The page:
The Honourable Joe Volpe, Publisher
TORONTO - “Why are we here?”, asked Trustee Sal Piccininni, following a preamble in response to a [rather vacuous] presentation by the Chair of Villa Charities Inc. (VCI), Aldo Cundari, at a meeting of the Toronto Catholic District School Board (TCDSB) on August 24, 2017.
That, translated for the uninitiated, would be “what do you want from us?”. Or, for those with less time on their hands, “get to the point”.
VCI “missed” making it. It had come to implore the TCDSB to go, on their combined behalf, cap in hand, to the Minister of Education and ask her to extend the deadline for revised, more palatable, proposals for their joint venture project. $32.8 million of Ontario government monies ride on the request.
Those proposals were not forthcoming, or, more precisely, they were not evidenced in the public session of the meeting. It was not until the question and answer session, when Trustees for the TCDSB probed for greater transparency that some inkling of “the meat of the matter” surfaced.
Two months ago, the Minister had made public consultations, and a revised model reflecting those consultations, a pre-condition to releasing $32.8 million allocated, in 2011, for a rebuild of Dante Alighiere Academy. The TCDSB wants a new school, whether enrolment currently justifies it or not; the money has been set aside by the Provincial Government.
At the time (six years ago), the Minister had also approved a potential partnership with a not-for-profit organization, Villa Charities, should a combined project be feasible. No one envisioned that the partner would [eventually] be a Private Developer, VCI.
VCI had put forward a development proposal for the southeast quadrant of Lawrence Ave and Dufferin St. that would see the erection of three towers containing 3000 condo units. Planning Department officials responded that 2400 might be more appropriate. Real public consultations, as per the Planning Act, were commenced.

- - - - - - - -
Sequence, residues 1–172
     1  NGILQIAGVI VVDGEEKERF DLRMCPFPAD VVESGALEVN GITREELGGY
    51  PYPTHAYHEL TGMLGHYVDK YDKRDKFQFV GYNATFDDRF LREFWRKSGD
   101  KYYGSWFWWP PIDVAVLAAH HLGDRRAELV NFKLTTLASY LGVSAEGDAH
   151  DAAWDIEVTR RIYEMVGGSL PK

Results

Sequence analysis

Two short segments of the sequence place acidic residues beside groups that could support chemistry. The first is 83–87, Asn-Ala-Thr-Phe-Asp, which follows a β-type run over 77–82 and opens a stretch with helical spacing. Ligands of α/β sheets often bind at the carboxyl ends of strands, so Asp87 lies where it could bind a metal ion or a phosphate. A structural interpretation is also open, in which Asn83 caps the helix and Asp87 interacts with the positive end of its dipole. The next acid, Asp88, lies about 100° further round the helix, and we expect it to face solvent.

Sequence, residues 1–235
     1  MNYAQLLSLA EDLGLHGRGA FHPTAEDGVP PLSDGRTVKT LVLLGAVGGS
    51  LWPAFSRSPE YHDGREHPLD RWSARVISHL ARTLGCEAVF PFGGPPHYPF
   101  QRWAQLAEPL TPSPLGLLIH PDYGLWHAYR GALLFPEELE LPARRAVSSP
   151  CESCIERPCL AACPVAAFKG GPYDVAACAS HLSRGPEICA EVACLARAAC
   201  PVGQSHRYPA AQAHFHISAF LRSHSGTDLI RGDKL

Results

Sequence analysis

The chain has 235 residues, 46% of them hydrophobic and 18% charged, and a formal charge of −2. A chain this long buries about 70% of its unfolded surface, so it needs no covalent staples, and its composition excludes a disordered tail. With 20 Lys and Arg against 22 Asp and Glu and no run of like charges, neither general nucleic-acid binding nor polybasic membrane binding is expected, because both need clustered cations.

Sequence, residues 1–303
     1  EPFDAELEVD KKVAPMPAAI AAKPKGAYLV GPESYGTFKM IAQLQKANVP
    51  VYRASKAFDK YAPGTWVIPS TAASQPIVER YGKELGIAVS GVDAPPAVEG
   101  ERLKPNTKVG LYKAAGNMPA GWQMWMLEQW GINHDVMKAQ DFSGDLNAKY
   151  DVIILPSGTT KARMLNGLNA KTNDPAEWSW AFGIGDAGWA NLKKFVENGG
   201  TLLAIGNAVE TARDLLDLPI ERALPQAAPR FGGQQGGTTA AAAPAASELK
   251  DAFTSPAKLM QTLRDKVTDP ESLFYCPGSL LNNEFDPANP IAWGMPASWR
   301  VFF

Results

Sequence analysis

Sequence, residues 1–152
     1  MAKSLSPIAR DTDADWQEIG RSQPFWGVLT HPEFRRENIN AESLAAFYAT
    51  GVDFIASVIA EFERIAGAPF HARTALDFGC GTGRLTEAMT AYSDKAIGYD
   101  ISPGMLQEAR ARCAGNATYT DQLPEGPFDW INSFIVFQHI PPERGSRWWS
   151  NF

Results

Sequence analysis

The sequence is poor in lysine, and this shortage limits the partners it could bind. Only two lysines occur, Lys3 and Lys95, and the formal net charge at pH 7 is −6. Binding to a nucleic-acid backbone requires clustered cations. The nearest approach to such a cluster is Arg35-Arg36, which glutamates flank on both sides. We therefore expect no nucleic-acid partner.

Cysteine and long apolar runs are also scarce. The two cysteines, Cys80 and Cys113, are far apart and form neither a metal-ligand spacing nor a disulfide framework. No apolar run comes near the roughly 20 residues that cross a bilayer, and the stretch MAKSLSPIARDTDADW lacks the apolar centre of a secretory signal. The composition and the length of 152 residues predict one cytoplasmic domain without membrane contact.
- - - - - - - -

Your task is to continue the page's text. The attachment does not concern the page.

No one initially envisioned the demolition of the Columbus Centre as part of the project. Italian Canadians view the Centre as an icon of the Italian-Canadian experience, integration and achievements in Toronto. It is open to all other communities, all of whom see it as a cultural/community centre of great value.
But Mr. Cundari argued that the Centre is no longer viable. It is “an end of life” issue, he maintained. He meant end of economic life, and not worth the operational costs to keep it going.
Nonetheless, Municipal Councils, at both the Local and City level, are unanimously against the project, and hence the demolition. The local MPP, Mike Colle is vehemently against it, as is Minister Laura Albanese in the adjacent riding. No one from the “community” has come forward to support the project.
The “partnership” (VCI and TCDSB), known as “the Developer” on applications to City Planning Department, appealed to the Ontario Municipal Board (OMB). The TCDSB protests that it did not sign off on the application. Yet, all “updates” on the project include th
e logo of both “partners”.
Demolition of the Columbus Centre is key to the longer-term redevelopment plans whose retail value is estimated at well beyond one billion dollars, making it one of the biggest construction projects in the city.
In response to a question by Trustee Rizzo, “what are your plans for the [campus]?”, Mr. Cundari gave an absolute, “None” … not on my watch, he added for good measure.
Unable to mitigate his enthusiasm, he continued that VCI (which has yet to build anything) is a builder of Social Housing and that it is looking for land on which to construct. Further asked for clarification about what Social Housing means to him, he responded, “subsidized housing” – government assisted.
It doesn’t have to be on the current campus, he said (view the intervention on video), offering that VCI’s next project is in fact Villa Colombo.
When Villa Charities was still a not-for-profit, charitable organization, it built Caboto Terrace and Casa Del Zotto with government subsidies and government geared-to-income rental subsidies programs. The organization also acquired Casa Abruzzo and built Villa Colombo Vaughan. It already owned Villa Colombo, a long term, chronic care centre just 100 metres south of the Columbus Centre.
Columbus Centre is not a significant economic generator, according to VCI. The land can be put to more rewarding financial use.
When questioned about Villa Colombo in the context of plans for the campus, Mr. Cundari declared the Villa “obsolete”. He offered that VCI may have to may delocate. Villa is at “end of life” economically.
Applying the “highest and best use principles” to the premises suggests to him that instead the Villa should be replaced by “a hospice - a service better equipped to handle end of life cases – and townhouses”.
Mr. Cundari confidently stated “our community is overall positive” to VCI’s vision – offering no evidence in support.
One Trustee responded that “the community doesn’t trust us”. She probably had a more accurate assessment of the issue.